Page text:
HACC providers are each currently contracted to deliver a set of distinct service types which restricts the ability to flexibly tailor services to each client. Providers advised of the need to design supports that are person-centric and responsive to clients’ individual needs, preferences and circumstances, and of how critical this flexibility has been in responding effectively to the COVID-19 pandemic.
Integration and collaboration
[There is a] need for better understanding of who other Providers in region are to develop network of support and work together.
Analysis of service data indicated that in early 2020, 25% of HACC providers had less than 20 clients and 70% of providers supported under 100 clients. Providers are contracted for different services and are often unaware of what other providers offer, indicating minimal integration across the program.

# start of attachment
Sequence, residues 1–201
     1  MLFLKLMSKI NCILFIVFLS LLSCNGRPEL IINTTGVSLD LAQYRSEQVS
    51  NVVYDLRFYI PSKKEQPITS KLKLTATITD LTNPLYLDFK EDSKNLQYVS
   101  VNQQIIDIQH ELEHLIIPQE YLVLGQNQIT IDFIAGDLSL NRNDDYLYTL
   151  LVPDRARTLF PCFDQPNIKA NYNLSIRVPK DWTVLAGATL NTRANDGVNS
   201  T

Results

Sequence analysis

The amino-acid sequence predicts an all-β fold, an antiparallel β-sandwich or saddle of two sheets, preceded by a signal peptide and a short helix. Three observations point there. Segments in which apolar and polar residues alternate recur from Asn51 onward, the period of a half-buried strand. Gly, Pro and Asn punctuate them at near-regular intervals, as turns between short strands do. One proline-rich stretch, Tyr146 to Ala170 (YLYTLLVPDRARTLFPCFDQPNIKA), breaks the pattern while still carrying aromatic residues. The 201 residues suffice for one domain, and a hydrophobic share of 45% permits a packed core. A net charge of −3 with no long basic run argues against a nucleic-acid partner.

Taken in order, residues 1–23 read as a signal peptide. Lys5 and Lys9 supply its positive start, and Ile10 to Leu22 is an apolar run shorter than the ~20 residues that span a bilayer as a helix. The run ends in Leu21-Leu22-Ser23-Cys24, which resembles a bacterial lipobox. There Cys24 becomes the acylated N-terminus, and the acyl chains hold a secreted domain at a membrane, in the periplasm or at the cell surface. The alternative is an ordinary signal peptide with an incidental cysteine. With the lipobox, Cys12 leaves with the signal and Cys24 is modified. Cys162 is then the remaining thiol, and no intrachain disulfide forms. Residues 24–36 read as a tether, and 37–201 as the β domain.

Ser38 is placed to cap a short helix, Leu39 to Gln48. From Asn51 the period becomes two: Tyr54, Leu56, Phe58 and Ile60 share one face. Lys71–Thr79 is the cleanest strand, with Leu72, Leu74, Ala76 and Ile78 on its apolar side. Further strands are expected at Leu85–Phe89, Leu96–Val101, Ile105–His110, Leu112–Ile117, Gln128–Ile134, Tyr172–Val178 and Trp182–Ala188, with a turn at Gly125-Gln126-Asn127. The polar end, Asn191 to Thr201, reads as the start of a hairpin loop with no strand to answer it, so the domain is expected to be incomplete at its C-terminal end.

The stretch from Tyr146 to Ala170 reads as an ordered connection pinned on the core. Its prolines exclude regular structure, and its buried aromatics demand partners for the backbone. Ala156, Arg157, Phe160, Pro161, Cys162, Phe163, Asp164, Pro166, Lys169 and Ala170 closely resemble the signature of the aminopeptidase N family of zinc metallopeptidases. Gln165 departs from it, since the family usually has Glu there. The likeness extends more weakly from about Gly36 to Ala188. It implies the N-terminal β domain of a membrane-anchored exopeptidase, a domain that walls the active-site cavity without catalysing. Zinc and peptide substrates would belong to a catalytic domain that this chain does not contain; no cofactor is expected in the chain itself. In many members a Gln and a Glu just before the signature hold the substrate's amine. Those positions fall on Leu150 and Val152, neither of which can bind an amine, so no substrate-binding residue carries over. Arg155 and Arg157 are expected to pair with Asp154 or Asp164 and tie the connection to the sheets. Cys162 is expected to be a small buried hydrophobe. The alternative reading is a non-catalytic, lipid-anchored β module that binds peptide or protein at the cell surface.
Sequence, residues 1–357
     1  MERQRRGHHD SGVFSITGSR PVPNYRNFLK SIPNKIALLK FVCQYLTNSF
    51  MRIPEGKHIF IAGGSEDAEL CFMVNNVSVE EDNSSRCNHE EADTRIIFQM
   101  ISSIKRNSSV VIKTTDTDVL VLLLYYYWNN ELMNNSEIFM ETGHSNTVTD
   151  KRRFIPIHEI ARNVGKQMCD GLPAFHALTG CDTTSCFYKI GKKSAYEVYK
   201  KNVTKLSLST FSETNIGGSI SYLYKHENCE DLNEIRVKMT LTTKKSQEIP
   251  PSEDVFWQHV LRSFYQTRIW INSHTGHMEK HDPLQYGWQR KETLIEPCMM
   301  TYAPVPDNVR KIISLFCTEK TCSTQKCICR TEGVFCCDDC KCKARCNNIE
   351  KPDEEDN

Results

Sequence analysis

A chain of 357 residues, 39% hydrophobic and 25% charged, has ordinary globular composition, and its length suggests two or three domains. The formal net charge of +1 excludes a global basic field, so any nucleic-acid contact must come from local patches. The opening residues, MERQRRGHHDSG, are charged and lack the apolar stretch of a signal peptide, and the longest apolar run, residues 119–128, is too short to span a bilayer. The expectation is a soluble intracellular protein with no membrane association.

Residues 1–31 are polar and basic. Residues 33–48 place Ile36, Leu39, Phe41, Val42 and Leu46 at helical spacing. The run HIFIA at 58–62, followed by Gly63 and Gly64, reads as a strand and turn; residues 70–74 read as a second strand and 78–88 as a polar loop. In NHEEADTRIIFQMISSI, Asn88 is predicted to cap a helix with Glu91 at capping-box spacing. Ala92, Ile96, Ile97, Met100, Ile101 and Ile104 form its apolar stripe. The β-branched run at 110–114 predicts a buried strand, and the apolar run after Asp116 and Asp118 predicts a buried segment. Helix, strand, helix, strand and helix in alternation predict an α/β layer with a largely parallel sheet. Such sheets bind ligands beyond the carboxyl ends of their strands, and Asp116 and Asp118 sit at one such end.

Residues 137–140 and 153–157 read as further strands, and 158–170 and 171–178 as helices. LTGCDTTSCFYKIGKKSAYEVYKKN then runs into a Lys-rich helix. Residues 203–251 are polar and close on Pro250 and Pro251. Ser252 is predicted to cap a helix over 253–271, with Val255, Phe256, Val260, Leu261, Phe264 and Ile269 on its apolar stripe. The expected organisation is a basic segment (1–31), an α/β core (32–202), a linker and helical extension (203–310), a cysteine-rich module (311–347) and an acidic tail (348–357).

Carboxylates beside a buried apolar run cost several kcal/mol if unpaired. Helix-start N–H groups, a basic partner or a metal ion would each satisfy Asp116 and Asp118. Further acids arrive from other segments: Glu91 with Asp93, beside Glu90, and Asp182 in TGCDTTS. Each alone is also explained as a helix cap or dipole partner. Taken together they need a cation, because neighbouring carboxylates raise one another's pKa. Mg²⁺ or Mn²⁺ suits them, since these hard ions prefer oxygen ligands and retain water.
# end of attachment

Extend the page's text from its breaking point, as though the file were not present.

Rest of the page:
Peak organisations stressed the importance of an integrated system with a ‘no wrong door’ approach, particularly for clients with high and complex needs.
Providers emphasised the need for community development approaches based on collaboration, such as by working closely with local community centres (e.g. utilising space for events), working with Aboriginal and Torres Strait Islander/culturally and linguistically diverse (CALD) leaders, holding cultural events, connecting to churches, schools and community organisations. This was echoed by peak organisations who highlighted the importance of a place-based focus involving collaboration across a range of community organisations within a region.